FCC Issues Further Guidance for Complying with VoIP E-911 Order and Deadline
As described in an earlier update (dated July 28, 2005), the FCC recently issued an order imposing a number of E-911 obligations on “interconnected” voice over Internet Protocol (“VoIP”) service providers, including offering full E-911 service by November 28, 2005 and filing a “Compliance Letter” with the FCC that the provider has achieved full compliance by that deadline. The FCC Enforcement Bureau issued a Public Notice yesterday detailing the specific information that must be included in providers’ compliance letters, as well as offering further guidance on the requirement to provide E-911 to VoIP subscribers.
The FCC’s order requires interconnected VoIP providers to, among other things, transmit all 911 calls to the appropriate public safety answering point (“PSAP”), designated statewide default answering point or appropriate local emergency authority that serves the caller’s “Registered Location” (the physical location of the VoIP subscriber).1 The VoIP provider must also forward the caller’s Automatic Numbering Information, or “ANI,” as well as the caller’s Registered Location to the extent that the PSAP or other answering point is capable of receiving and utilizing such information.
The order also requires interconnected VoIP providers to file a letter with the Commission on or before November 28, 2005, reporting their level of compliance with the requirements discussed above. The Public Notice issued today lists the specific information to be included in the compliance letters, which includes the percentage of subscribers to whom the provider is able to provide full E-911. The Bureau also asks providers to include the percentage of answering points within the provider’s service that area are capable of receiving and processing ANI and Registered Location information.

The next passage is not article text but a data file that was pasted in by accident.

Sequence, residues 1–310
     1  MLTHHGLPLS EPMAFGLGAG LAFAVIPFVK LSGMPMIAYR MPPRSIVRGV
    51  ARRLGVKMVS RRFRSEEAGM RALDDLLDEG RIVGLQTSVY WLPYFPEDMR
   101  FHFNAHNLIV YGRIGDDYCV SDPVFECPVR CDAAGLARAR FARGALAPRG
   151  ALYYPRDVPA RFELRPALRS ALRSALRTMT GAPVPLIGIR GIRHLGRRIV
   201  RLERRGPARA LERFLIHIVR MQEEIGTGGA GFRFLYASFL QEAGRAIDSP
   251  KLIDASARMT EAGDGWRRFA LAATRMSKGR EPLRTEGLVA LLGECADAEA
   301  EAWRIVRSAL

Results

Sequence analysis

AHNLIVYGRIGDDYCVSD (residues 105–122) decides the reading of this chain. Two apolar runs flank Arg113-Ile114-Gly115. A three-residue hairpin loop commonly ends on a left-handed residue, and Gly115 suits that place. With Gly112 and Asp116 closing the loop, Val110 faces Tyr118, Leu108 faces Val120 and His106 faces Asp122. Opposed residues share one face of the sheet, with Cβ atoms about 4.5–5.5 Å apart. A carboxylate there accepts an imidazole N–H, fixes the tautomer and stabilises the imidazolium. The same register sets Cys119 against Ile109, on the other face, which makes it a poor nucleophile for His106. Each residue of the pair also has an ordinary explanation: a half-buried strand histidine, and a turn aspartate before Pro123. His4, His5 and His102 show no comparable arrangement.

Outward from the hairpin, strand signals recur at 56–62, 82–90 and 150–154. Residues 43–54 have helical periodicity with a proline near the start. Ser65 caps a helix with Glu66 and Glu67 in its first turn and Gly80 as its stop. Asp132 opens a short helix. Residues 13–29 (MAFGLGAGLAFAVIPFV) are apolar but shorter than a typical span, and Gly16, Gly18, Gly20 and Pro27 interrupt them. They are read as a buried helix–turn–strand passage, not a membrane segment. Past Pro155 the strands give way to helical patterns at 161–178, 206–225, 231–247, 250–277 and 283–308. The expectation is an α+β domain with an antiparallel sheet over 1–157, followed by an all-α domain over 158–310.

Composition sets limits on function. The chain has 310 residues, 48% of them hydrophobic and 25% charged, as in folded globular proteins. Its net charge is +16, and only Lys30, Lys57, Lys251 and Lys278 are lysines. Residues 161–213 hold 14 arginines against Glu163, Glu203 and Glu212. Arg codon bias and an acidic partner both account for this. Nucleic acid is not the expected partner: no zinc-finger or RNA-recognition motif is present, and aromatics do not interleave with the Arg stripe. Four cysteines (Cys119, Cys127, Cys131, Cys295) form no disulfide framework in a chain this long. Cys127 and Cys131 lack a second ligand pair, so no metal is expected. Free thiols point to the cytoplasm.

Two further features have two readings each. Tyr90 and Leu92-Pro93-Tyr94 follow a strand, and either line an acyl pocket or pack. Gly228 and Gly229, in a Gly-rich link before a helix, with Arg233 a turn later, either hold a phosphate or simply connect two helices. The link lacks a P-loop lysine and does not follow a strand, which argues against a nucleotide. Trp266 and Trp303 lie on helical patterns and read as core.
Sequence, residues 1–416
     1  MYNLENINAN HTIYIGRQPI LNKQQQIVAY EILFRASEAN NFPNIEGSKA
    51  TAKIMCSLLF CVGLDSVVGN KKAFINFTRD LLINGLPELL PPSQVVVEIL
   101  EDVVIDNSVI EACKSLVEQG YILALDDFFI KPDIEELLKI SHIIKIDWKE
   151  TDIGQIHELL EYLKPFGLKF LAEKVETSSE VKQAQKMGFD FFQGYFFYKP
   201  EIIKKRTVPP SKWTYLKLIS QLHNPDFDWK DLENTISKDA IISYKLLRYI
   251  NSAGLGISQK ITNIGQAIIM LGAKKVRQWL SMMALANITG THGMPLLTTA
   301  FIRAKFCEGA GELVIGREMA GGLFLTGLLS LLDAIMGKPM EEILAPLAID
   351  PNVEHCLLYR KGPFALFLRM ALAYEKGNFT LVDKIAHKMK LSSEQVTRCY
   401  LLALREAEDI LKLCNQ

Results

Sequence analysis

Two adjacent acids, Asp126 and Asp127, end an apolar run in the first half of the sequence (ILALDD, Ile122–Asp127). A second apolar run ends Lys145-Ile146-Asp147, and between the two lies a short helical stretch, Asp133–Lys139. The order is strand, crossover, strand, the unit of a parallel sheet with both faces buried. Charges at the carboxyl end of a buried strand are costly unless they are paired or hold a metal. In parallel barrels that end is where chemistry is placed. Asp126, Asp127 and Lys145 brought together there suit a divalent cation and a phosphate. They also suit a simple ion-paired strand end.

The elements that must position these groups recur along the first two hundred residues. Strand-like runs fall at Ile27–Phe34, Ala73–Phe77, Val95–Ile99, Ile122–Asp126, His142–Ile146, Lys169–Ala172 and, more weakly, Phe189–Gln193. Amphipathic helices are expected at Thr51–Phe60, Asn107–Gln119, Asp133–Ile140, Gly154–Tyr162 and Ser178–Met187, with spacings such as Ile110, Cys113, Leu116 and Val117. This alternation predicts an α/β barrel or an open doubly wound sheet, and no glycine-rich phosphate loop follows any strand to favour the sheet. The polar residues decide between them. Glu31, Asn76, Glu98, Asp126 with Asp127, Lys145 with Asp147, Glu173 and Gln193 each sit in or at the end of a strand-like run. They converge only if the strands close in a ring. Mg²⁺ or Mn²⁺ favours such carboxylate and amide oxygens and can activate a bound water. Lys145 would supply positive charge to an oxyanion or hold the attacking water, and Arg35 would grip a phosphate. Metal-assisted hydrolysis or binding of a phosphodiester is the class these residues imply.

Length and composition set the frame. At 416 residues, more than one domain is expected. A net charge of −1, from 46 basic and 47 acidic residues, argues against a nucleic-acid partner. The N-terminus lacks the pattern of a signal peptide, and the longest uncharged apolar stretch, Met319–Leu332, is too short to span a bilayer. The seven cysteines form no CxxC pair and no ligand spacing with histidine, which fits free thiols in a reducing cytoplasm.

Interestingly, the Public Notice states that a provider who is not in full compliance with the VoIP E-911 rules should describe in its compliance letter “plans for coming into full compliance with the requirements of the [FCC’s VoIP E-911] order, including its anticipated timeframe for such compliance.” It also states that the Bureau no longer expects VoIP providers
to disconnect subscribers to which they cannot provide E-911, but it does expect providers to discontinue marketing efforts and to refuse any new customers in areas in which they cannot provide full E-911. This indicates that the Bureau may be willing to view November 28 as a soft deadline for providers who are not in full compliance for current customers but submit a plan for shoring up any E-911 shortcomings. The Bureau’s notice does not provide such flexibility, however, for service to new customers.
We have been assisting interconnected VoIP providers in filing with the FCC the periodic VoIP E-911 reports associated with the FCC’s order described above, and encourage VoIP service providers to contact us with any questions regarding the filing of Compliance Letters or regarding operational compliance with the VoIP E-911 rules.
1 The Public Notice observes that AT&T, MCI and Verizon have plans to implement technology that will permit them to automatically detect when a customer has moved his or her VoIP service to a new location and ensure that the customer continues to receive 911 service.